by Miguel A. Hernan, James M. Robins
Publisher: Chapman & Hall/CRC 2015
Number of pages: 352
The book provides a cohesive presentation of concepts of, and methods for, causal inference. We expect that the book will be of interest to anyone interested in causal inference, e.g., epidemiologists, statisticians, psychologists, economists, sociologists, other social scientists... The book is geared towards graduate students and practitioners.
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by Robert B. Ash - University of Illinois
These notes are based on a course that the author gave at UIUC. No prior knowledge of statistics is assumed. A standard first course in probability is a prerequisite, but the first 8 lectures review results that are important in statistics.
by Irving W. Burr - McGraw-Hill
The present book is the outgrowth of a course in statistics for engineers which has been given at Purdue University. The book is written primarily as a text book for junior, senior, and graduate students of engineering and physical science.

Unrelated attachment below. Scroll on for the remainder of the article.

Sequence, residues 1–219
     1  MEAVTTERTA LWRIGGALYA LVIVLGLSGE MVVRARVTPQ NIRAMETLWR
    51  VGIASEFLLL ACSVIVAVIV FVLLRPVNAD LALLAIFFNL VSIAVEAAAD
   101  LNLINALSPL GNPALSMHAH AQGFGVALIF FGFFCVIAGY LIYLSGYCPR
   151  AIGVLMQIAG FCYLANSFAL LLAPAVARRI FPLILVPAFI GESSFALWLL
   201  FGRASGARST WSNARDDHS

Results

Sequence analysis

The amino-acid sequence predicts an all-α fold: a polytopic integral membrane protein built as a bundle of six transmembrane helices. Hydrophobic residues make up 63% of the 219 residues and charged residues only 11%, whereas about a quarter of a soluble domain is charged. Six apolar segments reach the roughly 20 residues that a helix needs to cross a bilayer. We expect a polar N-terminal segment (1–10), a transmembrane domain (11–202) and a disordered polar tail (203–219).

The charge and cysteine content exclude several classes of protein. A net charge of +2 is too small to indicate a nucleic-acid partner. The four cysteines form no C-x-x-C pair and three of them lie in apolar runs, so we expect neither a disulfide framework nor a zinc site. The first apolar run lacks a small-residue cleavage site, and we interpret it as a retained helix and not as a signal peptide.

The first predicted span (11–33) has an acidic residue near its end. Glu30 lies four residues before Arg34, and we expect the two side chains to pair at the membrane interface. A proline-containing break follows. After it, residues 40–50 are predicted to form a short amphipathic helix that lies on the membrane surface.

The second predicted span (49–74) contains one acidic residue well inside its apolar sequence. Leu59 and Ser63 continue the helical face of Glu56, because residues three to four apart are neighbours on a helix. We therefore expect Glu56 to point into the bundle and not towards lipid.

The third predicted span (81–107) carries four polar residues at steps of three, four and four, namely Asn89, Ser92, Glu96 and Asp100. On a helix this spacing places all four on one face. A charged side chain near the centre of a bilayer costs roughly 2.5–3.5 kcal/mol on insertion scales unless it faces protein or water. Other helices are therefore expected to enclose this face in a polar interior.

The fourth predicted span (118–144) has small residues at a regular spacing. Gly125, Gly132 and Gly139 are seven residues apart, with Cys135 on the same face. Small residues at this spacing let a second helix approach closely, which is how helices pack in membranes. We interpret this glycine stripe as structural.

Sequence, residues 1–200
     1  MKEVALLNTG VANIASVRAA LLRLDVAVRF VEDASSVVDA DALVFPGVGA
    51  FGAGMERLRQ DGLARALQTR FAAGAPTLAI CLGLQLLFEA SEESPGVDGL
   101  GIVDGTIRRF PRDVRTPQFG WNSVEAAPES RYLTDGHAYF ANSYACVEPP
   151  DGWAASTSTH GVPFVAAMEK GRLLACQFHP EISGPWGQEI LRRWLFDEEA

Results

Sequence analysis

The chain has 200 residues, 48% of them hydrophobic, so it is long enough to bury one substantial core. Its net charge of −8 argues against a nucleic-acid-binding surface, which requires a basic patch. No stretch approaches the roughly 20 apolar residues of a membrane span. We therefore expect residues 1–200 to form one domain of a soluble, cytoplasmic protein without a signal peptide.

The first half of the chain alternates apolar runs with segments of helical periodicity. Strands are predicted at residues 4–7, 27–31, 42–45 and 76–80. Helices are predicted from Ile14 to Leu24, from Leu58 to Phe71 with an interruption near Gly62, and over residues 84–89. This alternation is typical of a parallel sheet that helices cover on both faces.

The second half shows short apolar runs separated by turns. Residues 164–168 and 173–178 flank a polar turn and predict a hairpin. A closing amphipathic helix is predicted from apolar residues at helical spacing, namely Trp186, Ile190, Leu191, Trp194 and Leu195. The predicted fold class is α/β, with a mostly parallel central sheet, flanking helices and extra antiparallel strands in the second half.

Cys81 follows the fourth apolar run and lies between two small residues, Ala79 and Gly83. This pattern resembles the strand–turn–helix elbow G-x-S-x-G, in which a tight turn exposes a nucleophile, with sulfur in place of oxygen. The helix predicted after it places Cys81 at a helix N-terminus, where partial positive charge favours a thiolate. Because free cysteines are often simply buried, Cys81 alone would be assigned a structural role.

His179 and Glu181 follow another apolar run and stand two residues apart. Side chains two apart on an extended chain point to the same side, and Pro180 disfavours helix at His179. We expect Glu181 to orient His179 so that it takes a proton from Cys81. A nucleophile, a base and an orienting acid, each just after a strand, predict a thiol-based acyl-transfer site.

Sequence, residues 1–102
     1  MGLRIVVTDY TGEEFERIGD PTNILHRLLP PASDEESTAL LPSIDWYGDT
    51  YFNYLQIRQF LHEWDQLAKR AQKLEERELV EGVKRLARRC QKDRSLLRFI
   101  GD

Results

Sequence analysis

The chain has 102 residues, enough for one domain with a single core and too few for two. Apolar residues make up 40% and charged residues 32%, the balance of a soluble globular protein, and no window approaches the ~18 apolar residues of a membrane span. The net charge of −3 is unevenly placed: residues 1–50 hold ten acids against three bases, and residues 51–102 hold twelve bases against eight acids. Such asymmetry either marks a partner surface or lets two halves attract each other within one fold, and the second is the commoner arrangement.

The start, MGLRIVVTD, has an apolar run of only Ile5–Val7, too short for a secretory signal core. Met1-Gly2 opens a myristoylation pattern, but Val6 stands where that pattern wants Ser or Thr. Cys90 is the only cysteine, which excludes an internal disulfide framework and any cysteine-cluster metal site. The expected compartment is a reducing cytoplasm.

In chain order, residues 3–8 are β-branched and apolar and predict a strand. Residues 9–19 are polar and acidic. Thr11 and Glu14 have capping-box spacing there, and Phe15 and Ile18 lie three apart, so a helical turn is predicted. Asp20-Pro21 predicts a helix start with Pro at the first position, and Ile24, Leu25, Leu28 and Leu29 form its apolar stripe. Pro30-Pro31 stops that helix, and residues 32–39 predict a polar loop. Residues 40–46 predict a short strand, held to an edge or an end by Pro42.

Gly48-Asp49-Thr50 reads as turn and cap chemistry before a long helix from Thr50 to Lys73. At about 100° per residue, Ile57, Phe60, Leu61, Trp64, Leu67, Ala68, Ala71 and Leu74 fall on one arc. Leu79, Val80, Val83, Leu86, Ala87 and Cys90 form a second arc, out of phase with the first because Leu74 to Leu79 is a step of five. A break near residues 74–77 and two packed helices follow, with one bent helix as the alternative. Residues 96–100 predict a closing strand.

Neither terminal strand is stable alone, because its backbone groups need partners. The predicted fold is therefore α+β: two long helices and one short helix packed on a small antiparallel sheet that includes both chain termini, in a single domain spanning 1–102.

by Mohammad Saber Fallah Nezhad (ed.) - InTech
Dynamic programming and Bayesian inference have been both intensively and extensively developed during recent years. The purpose of this volume is to provide some applications of Bayesian optimization and dynamic programming.
by James E. Gentle - George Mason University
This document is directed toward students for whom mathematical statistics is or will become an important part of their lives. Obviously, such students should be able to work through the details of 'hard' proofs and derivations.